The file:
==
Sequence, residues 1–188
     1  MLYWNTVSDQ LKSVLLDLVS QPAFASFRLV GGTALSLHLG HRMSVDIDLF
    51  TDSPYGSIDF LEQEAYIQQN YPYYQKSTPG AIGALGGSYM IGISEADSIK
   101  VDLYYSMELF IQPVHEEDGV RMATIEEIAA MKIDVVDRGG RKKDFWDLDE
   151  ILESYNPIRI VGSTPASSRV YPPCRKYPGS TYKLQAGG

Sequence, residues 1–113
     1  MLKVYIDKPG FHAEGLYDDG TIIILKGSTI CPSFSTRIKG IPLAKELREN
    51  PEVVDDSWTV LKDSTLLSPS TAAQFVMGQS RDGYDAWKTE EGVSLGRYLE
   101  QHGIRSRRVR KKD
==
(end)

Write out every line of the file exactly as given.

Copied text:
Sequence, residues 1–188
     1  MLYWNTVSDQ LKSVLLDLVS QPAFASFRLV GGTALSLHLG HRMSVDIDLF
    51  TDSPYGSIDF LEQEAYIQQN YPYYQKSTPG AIGALGGSYM IGISEADSIK
   101  VDLYYSMELF IQPVHEEDGV RMATIEEIAA MKIDVVDRGG RKKDFWDLDE
   151  ILESYNPIRI VGSTPASSRV YPPCRKYPGS TYKLQAGG

Sequence, residues 1–113
     1  MLKVYIDKPG FHAEGLYDDG TIIILKGSTI CPSFSTRIKG IPLAKELREN
    51  PEVVDDSWTV LKDSTLLSPS TAAQFVMGQS RDGYDAWKTE EGVSLGRYLE
   101  QHGIRSRRVR KKD